This less-than-desirable state of affairs may be about to change. After a few false starts since the financial crisis, there is movement afoot and increasing support from regulators and public officials to encourage state and local governmental entities to report their financials in the machine-readable format called "iXBRL" ("Inline Extensible Business Reporting Language"). This format, already mandated by the SEC for corporate 10-k and 10-Q filings, is expected to facilitate the creation of low cost financial databases for the public finance sector. For details about the current status of this initiative, we refer the reader to a recent article written by our friend Marc Joffe from the Reason Foundation. Marc has long been an ardent advocate of municipal transparency and currently acts as the chair of the new XBRL.US working group, which is hard at work designing the taxonomy for a municipal iXBRL reporting, due to be completed in 2019. The State of Florida, for one, has already signed on to this new reporting format.
Bear in mind we're talking about the municipal market here, so even under the best of circumstances, full adoption of iXBRL, whenever it occurs, will still be at least 5 years away, in our opinion. Nonetheless, it is fair to say the sector is finally moving in the right direction.
The key to securing support from public officials has to go beyond the lofty ideals of bringing transparency to the sector. At the end of the day, this process has to make it easier, and hopefully less costly, for the town clerk in Middle City, USA to do what she has been doing for the last 30 years. It remains to be seen if the reporting software vendor community, which is driving this iXBRL effort, can deliver such a cost-effective reporting platform.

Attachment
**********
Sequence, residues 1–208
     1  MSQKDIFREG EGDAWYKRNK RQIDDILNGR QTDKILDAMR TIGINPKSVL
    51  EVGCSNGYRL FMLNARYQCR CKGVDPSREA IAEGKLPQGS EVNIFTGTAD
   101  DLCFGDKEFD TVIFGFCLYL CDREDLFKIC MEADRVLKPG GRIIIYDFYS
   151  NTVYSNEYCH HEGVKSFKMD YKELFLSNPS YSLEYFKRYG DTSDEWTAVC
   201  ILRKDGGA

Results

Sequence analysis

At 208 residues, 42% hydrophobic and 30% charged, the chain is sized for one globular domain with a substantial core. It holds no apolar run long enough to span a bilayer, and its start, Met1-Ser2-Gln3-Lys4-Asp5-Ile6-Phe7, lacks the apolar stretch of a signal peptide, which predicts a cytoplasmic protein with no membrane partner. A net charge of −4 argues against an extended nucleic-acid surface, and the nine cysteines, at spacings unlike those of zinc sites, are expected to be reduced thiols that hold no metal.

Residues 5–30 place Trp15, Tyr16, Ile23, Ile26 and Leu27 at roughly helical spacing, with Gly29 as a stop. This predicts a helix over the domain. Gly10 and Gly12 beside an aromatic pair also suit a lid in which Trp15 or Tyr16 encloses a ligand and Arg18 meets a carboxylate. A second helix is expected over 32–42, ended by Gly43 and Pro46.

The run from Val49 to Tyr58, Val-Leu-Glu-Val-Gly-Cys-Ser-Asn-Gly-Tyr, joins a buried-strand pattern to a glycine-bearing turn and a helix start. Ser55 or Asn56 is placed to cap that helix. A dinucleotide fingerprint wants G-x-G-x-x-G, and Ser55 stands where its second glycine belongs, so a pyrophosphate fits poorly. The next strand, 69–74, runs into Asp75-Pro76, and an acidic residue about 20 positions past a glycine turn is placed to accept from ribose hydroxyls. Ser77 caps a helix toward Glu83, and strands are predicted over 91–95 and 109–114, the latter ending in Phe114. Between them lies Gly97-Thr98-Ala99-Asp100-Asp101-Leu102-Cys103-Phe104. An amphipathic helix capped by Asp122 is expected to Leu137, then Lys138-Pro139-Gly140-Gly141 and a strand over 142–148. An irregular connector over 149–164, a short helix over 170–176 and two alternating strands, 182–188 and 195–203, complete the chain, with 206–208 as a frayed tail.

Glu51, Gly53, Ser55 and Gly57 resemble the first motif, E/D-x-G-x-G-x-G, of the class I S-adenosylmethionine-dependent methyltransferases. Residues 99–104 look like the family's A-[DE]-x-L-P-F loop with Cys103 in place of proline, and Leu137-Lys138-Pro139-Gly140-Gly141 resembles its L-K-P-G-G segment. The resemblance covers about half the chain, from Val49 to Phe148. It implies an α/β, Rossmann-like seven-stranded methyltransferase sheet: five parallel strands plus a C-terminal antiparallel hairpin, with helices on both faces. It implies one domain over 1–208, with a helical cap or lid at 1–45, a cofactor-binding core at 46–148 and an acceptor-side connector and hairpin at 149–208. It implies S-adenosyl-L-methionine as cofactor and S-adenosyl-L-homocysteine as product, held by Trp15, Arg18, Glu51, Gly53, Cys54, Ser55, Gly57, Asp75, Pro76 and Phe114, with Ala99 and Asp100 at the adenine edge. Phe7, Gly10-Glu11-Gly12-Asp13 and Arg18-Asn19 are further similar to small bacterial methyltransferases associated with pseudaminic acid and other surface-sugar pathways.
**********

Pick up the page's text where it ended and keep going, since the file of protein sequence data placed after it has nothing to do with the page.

Ironically, we do expect that both Bloomberg and Creditscope will eventually embrace the adoption of iXBRL, instead of viewing as a threat to their business model, for the simple reason that the new reporting format, when adopted, should dramatically reduce their data acquisition costs. Scraping and parsing financial data for up to 30,000 bond issuers is a tremendously expensive proposition, particularly if much of it is still being performed by humans, with some help from technology. Since issuers are unlikely to go back and restate past CAFRs in the new format, the historical data already gathered by both vendors should remain quite valuable, at least for a while.